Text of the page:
Boys, girls and the making of violence in a Pinetown secondary school : a case study of gender violence.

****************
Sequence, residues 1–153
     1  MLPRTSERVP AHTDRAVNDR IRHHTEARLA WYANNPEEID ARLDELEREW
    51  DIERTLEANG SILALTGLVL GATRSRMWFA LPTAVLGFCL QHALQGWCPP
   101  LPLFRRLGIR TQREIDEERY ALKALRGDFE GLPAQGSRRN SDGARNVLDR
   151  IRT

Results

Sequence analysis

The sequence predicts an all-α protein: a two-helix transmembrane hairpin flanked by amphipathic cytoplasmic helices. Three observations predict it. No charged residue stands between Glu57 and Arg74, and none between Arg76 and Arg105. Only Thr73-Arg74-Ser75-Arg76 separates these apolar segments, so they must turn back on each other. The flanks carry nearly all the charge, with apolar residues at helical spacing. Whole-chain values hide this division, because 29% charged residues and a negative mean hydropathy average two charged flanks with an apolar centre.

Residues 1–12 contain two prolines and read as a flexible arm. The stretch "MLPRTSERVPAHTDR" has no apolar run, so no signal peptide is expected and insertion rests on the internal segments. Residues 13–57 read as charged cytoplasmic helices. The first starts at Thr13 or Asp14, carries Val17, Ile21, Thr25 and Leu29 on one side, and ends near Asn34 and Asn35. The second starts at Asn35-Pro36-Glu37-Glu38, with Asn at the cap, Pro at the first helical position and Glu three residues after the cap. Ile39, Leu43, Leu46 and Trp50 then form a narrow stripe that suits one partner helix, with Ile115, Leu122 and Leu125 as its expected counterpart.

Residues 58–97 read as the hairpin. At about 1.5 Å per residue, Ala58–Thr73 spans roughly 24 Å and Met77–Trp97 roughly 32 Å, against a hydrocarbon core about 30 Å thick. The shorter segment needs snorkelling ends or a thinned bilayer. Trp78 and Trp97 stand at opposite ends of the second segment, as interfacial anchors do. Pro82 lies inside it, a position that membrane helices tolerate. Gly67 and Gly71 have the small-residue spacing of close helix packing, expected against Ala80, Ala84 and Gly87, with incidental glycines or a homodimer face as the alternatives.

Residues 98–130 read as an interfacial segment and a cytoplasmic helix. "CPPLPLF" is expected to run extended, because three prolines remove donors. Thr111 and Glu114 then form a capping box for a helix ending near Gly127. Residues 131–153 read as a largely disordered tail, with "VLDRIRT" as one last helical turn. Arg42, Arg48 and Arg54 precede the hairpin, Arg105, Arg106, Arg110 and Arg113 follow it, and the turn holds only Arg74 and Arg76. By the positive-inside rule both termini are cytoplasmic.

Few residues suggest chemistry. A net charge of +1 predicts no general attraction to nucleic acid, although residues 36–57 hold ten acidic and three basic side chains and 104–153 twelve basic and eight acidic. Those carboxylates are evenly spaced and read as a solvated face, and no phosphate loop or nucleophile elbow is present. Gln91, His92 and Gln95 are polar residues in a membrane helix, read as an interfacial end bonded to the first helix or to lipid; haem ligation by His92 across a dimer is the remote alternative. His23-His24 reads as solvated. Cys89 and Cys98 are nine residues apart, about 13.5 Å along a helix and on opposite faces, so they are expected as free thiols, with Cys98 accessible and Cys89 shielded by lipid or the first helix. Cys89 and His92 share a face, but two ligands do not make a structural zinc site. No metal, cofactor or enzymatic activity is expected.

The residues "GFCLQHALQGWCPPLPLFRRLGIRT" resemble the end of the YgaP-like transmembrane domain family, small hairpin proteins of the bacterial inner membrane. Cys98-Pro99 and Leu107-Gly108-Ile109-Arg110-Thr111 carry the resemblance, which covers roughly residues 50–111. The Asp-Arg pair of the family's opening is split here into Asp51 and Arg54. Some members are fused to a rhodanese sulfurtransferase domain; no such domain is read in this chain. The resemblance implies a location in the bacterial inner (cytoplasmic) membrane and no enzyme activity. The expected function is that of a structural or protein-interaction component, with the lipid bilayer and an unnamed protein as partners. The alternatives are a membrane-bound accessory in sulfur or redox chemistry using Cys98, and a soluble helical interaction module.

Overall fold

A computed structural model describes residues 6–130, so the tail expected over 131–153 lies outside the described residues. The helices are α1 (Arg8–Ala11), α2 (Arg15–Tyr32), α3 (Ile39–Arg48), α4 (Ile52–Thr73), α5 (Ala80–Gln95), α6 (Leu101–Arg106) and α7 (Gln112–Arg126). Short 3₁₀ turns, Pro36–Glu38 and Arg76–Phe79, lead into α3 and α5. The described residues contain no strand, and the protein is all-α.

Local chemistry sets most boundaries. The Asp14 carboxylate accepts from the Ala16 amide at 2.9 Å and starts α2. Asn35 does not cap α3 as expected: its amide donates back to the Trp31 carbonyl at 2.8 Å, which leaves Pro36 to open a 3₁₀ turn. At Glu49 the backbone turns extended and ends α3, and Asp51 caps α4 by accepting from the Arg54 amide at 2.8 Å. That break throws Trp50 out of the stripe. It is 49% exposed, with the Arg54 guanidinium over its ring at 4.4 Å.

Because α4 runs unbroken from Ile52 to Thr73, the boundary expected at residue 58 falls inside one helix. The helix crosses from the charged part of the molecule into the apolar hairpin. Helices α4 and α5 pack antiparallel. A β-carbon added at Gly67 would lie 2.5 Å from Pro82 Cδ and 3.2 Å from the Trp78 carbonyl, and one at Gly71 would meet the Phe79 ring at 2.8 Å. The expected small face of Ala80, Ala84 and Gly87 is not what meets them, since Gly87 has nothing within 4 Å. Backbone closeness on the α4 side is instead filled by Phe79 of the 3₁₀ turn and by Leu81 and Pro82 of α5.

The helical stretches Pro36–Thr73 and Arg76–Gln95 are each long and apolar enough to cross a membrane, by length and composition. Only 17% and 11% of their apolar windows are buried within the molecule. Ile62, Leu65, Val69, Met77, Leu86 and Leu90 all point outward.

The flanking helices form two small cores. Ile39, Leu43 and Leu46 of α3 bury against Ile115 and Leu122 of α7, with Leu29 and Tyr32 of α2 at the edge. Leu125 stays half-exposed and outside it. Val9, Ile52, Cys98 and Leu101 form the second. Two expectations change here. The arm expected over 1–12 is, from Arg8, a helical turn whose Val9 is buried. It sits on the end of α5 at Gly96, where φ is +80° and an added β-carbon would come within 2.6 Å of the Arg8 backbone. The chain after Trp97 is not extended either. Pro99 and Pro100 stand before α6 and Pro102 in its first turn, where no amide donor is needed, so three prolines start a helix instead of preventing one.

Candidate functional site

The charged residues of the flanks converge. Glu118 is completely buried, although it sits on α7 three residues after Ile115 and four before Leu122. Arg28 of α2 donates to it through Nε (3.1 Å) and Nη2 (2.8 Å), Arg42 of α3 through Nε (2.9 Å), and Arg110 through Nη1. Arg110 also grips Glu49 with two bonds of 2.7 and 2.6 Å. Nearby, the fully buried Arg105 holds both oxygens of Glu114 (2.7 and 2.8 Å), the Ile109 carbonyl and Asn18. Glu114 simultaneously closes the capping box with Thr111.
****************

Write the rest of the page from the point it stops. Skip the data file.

This study explores the gendered nature of school spaces and shows how violence is produced within these spaces. The conceptualisation of space employed in this study refers to social and physical spaces. Social spaces consider school interactions such as those amongst learners, with teachers, and/or with other school authorities and how various forms of violence are produced during such interactions. On the other hand, physical spaces refer to specific places or spaces where violence is more likely to occur. The main premise of this study is that school spaces are gendered and that girls are the most vulnerable to the various forms of violence within schools spaces, both physical and social. The study was conducted at Nje Secondary School (pseudonym). The school is located in a township in the Mariannhill area in Pinetown district, KwaZulu-Natal province. A qualitative research approach was adopted within a social constructionist paradigmatic lens. Focus groups, individual interviews and observation were used to generate data. The theoretical framing of this study draws on the main ideas used to conceptualise gender violence within school spaces. The results of the study indicate that the school plays an important role in encouraging gender inequality through the gendering of school spaces. The gendered nature of school spaces serve as fertile ground for the manifestation of gender violence. Physical spaces such as the school playground, the hall ways, and behind the toilets and the walls of the school are prominent spaces where learners, especially boys, feel empowered to display their identities and power. Dominant ideologies of gender which uphold male domination of females influenced learners’ interactions in school; physical assault, verbal abuse, sexual harassment, sexual comments and heterosexual intimate partner violence are some examples of the enactments of violence cited by most girls within the social spaces in school. Based on those findings, the study concludes that gender violence within physical and social spaces in schools is a major social problem. Unfortunately, it is given less attention than it deserves. The implication of the study is that addressing the nature of such spaces is the basis for a long term solution to gender violence in schools. This study draws attention to and creates awareness of school spaces as important areas for interventions to reduce violence against girls.
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